54. Gary Clarke was effectively fired at the end of season two but was contracted to appear in a few episodes in season three. He had personal disputes with the people in charge and they decided it was time to let him go. Gary Clarke goes into much more detail in my book. He admitted to me that he could be his own worst enemy at this time in his life. I prefer the early b/w episodes of Gunsmoke with Dennis Weaver to the later color episodes. Arness was going through the motions in many later episodes and his character didn’t evolve. In the early episodes he came across as more fallible and human. As for Alias Smith and Jones it was a light-hearted comedy Western that was in the hands of Roy Huggins (John Thomas James). I wrote a biography of Huggins last year.

    1. I’ve brought your book finally but have not received it yet.Looking forward to getting it.Do you have any favorite episodes..I was touched by the Old Cowboy one. Also liked Showdown which was right after.Don’t always enjoy the light / funny Doug McClure episodes as much, although I like Trampas and prefer him in a good dramatic one. I think most fans of his would disagree !

  55. Got the book really enjoying it. Amazing the producer felt he had to let Gary Clark go because he was no good to him after he sided with Drury.Do you think Randy was a little bit bitter.What did you think of his comments that Bonanza was more realistic (Gun Holsters etc) and Cimarron Strip was better because they went out on far away locations more.Are you sure you can’t name 2 great episodes you would recommend .Anyway great book may get the Pete Duel one sometime.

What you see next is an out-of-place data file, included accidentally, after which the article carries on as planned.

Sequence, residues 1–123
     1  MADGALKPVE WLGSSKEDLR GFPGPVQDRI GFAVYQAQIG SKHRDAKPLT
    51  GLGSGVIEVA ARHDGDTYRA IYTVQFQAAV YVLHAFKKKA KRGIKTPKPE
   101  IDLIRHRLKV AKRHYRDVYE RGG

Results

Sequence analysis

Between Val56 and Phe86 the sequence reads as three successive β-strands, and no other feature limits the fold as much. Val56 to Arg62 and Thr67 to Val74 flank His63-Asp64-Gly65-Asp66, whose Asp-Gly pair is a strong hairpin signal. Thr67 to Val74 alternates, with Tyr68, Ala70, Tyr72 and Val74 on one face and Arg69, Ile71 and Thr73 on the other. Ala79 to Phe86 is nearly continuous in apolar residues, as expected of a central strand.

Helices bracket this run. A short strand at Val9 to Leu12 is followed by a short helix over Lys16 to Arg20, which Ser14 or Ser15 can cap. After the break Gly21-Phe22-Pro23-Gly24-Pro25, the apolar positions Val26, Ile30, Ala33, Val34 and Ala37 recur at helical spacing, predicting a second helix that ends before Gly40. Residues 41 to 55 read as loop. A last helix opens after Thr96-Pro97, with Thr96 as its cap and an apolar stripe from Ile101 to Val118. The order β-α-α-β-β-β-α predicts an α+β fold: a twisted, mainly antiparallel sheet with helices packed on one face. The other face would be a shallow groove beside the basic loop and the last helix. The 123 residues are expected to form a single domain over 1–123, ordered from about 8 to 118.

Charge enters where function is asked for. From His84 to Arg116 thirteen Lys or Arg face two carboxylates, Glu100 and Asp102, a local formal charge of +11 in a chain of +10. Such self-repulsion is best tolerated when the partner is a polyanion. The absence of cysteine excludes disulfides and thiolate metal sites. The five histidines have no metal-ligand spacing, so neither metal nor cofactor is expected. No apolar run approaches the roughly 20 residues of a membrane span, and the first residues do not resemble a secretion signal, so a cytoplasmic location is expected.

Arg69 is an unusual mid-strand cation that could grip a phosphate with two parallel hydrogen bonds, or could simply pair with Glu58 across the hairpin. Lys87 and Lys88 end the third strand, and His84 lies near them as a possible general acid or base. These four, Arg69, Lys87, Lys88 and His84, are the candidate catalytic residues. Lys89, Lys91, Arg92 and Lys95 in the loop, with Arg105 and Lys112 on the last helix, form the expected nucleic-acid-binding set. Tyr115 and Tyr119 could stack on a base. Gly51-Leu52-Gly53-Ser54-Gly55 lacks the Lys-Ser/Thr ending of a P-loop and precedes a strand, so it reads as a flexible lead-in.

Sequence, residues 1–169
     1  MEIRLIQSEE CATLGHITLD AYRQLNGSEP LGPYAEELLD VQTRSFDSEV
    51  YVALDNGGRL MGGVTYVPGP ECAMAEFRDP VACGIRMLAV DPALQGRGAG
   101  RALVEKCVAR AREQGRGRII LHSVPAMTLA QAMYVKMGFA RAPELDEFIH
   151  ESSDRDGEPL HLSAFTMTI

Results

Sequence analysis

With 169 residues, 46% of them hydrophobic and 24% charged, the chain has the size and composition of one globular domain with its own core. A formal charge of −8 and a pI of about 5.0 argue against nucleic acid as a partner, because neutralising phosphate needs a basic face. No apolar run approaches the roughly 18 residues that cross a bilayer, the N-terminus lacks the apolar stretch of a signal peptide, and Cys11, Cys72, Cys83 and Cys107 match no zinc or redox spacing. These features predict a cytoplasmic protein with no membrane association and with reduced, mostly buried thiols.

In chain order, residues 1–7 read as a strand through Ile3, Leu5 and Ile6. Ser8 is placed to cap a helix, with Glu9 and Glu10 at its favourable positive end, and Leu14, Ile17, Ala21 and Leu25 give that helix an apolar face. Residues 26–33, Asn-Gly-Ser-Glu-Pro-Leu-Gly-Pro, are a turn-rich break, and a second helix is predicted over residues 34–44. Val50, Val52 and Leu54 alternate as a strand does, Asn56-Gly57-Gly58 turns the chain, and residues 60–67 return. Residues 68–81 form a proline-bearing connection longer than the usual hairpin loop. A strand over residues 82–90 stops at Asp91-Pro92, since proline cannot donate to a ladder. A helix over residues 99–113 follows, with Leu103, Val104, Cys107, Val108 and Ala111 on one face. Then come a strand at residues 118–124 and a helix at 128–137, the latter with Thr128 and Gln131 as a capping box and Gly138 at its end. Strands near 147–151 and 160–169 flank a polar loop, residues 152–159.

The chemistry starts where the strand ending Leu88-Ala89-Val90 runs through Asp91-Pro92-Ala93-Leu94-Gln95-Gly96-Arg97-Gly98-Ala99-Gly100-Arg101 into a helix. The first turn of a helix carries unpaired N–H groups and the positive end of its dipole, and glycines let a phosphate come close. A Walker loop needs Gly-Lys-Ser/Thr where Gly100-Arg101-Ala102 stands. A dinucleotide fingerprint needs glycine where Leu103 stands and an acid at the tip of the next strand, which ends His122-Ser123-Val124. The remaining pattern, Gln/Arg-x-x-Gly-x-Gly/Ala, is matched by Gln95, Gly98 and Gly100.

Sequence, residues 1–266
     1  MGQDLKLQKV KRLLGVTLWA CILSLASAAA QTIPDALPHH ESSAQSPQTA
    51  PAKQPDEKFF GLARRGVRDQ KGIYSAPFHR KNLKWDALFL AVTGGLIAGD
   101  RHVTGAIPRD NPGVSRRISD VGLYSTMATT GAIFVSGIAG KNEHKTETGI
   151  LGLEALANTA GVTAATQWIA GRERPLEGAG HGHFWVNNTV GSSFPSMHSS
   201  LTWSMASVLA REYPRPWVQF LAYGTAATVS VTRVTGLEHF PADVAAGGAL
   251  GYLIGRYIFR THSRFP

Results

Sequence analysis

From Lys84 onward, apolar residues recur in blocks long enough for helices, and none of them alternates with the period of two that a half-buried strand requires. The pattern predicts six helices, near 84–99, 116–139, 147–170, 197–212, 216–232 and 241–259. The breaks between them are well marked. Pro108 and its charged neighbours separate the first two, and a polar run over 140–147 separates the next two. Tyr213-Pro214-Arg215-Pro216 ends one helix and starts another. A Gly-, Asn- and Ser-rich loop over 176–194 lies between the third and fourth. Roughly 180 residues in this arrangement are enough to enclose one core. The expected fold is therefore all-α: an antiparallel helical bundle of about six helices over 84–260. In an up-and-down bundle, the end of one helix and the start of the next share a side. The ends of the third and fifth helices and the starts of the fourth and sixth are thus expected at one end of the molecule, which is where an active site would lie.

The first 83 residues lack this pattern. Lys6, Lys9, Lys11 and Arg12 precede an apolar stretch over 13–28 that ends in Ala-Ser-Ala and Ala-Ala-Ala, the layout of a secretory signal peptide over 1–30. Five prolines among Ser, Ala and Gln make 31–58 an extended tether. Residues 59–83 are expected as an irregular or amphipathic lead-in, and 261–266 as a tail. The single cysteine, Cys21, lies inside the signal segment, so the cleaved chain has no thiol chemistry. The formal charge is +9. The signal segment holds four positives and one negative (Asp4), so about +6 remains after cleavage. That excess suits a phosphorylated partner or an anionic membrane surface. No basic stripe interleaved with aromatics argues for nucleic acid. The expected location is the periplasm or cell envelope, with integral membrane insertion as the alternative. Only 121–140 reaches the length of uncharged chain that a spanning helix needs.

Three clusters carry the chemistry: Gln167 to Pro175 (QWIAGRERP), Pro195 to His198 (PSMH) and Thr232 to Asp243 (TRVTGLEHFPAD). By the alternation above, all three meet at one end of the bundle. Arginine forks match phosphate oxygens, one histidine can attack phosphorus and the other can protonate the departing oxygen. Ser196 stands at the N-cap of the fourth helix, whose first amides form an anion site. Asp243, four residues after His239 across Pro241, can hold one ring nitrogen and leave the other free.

56. Randy Boone sent me a handwritten letter after he read my book saying he had a greater appreciation of The Virginian after reading how much effort went into the episodes. I don’t think anybody likes being let go from a show but Frank Price hired him originally and in Season 5 felt the show needed a change of direction. I personally don’t think Bonanza was more realistic and I wasn’t a fan of Cimarron Strip. Glad you’re enjoying my book. If you buy my Pete Duel biography be sure to buy the updated 2nd edition. It includes an interview with Sara Lane where she talks about the two Virginian episodes Peter Deuel starred in. James Drury also contributed.
    Two episodes to recommend? “Ride A Dark Trail” features the backstory of Trampas and “The Drifter” tells how the Virginian came to Shiloh.

    1. Were you always a Pete Duel fan. I liked him as a kid remember watching him in something about stealing a plane.Saw recently the episode Price Of Love of the Virginian. He was good. I always wished somebody would right a book on James Stacy. What a story but I know his reputation was blackened later on. Watching Season 4 of the Virginian half way though not that bad And also into season 9 of Gunsmoke. For a TV show early sixties does a good job of showing how grim and violent the west was(I presume it was!).Watched a couple Of Men From Shiloh, boy did they try and copy the Italian flicks. Thought Doug McClure didn’t come across nearly as well as when he was younger.Looking forward to season 5 of the Virginian as I think in your book Mr Drury said that was his best liked period of the show.

  57. I got to appreciate Pete Duel’s work as I watched him in a greater variety of roles. So sad that he died so young. Just watched “Last Grave at Socorro Creek” tonight from the 7th season. One of James Drury’s best episodes with a great Bernard Herrmann music score. I know you’ll like it. Fills in some of his back story.

  58. At the beginning of season 7 I thought James Drury had put on a bit of weight did you notice and ever ask him if he had a issue with keeping trim. I read he had to lose a few pounds before the show began in your book.Nothing against Don but I found it hard to warm to Stacy’s persona in the show.Did you like David Hartman? I thought Robert Lansing was very good in guest spots in westerns.Finally I do not agree